Show Me Your Pi!

SHARE

Monday, March 14th is Pi Day and I wanna do a thing. I want to teach our kids what Pi actually means.

Pi (π)…you know that thing kids proudly memorize as being approximately 3.14 or 22/7. I betcha though, if I asked most kids what pi actually represents, I think the majority wouldn’t know. So let’s teach it to them in a hands-on, fun, and memorable way.

Your Assignment: Make a Pie.

Any pie: apple, cherry, pumpkin, sweet potato,…ummmm chocolate pecan pie…(sorry I got carried away in my thoughts there for a moment)…key lime, lemon meringue, peach…even a pizza pie will do. You choose. You could even take a vote to see what kind of pi your kiddos want to make. Your task is to get the ingredients and make it.

Circumference and Diameter

Once it’s made, have your kiddos do two things: take the circumference and the diameter of the pie. Let’s break these terms down:

  • Circumference – the distance around the outside of the pie
  • Diameter – the distance across the middle of the pie (at its widest point)

Finding Pi

Since our pies are circles, it’s probably easiest to use a piece of string to measure the circumference.

  1. Measure – Have your student place the string at a starting point on the outside of the crust, and then wrap it around the outside of the pie. Mark it and measure the length of the string. Now, have your student measure the diameter by placing the string on one side of the pie and go directly across the middle of the pie. Mark it and measure it.
  2. Divide – Here’s the formula: Circumference ÷ Diameter. If you’re using a calculator, type in the circumference, hit the division sign, type in the diameter, and hit the equal sign. If you’re doing the work on paper (yeah for you!), remember circumference is the dividend, so we put it in the inside of the division sign.
  3. Find Pi – Voila, your answer should be somewhat close to 3.14159265359 or 3.14 for short. (It may not be this number exactly as we have to account for a little human error in measuring, but your number should be in the vicinity.)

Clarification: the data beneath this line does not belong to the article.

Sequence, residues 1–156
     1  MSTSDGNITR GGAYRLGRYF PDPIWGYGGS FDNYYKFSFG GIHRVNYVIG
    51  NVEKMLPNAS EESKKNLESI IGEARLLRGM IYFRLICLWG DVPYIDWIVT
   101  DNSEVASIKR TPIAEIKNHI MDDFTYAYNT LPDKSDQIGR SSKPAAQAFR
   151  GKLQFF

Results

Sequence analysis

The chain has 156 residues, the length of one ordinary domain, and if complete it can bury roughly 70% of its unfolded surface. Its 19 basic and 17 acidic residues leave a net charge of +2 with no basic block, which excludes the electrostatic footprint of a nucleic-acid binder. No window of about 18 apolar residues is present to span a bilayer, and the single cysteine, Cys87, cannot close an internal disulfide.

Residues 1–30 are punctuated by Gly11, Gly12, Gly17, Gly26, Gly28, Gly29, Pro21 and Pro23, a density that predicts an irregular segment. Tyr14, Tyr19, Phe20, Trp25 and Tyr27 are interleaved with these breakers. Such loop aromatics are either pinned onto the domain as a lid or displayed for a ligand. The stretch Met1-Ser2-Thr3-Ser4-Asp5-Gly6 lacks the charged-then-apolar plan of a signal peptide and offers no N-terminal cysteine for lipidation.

You want to make it even cooler? Make two pies of different sizes. You’ll get to see how that ratio of circumference to diameter is the same no matter the size of your pie. Who said math can’t be cool?!

I will create a post on the Nicole the Math Lady Facebook Group on Monday. (If you’re not part of our closed FB group for NTML members, click on the link at the bottom of your email to request permission to join.) Post your photos/videos of your pies there. Help me create a little army of junior mathematicians who really understand pi. Can’t wait to hear how all about it!

Nicole

Responses

Your email address will not be published. Required fields are marked *

    1. My 5/4 student loves the rare days we use baking for math. Maybe we will make the whole day Pi day and I will let her take charge of doing the math to double our recipe, complete the Pi activity, and call it a day. Thanks for the fun inspiration!

      PS, my own Nicole loves her math now that we found your website. She always asks to do extra now!

  1. Love this! We are forever missing the date or only remembering it day of! We are IN!

  2. I am drooling think of all the pies we HAVE to make. Best assignment for math EVER! We can’t wait. Coconut cream, chocolate cream, sweetheart cherry pie, I could keep going. 😋

      1. i love coconut cream so much🥳🥳🥳🥳🥳🥳🥳🥳🥳🥳🥳🥳🥳🥳🥳🥳🥳🥳🥳🥳🥳🥳🥳🥳🥳🥳🥳🥳🥳

  3. This is such a fun and awesome idea!!! The kids will love it!! We are not on social media. Is there an email address where I could send a picture? Thanks for such a fun idea!!

  4. Yay, sounds like a great way to also celebrate my birthday which is Pi day!!!

  5. Well you asked the right person! I have 3 kids in your program and own a pie bakery as well. Farmhouse Pies in Bend, OR will be making some fun Pi Day pies and will post to the FB group!

  6. We are in! Thank you so much for making math fun and hands on! My daughter is really like math!

  7. Great ideas! My high-hopes want to make pizza-pi for lunch, chicken pot pie for dinner, and chocolate pu for dessert! 😋

  8. This sounds fun. Do you have a video lesson we could use to go with it?

    1. Circumference lessons start in the 7/6 textbook. You can use the magnifying glass to search circumference and you will see the appropriate video for your age level. I also posted a short video on FB yesterday that shows what to measure (it’s not really a lesson but the students can see what I’m talking about.) Have fun!

  9. We are celebrating an early Pi day on Saturday because our co-op meets Monday.
    We did pi day last year too! We had the cousins over and did a pi themed pot luck.
    We had pizza pie, Sheppards pie, chicken pie, and of course a few dessert pies.
    The catch…. the kids couldn’t have any of the dessert pie until they solved some pi related problems.
    IT WAS A HIT!

  10. Hi I have a niece and math is tough for her but if you can help me make it understanding for her I would love it
    My name is William but they call me K.V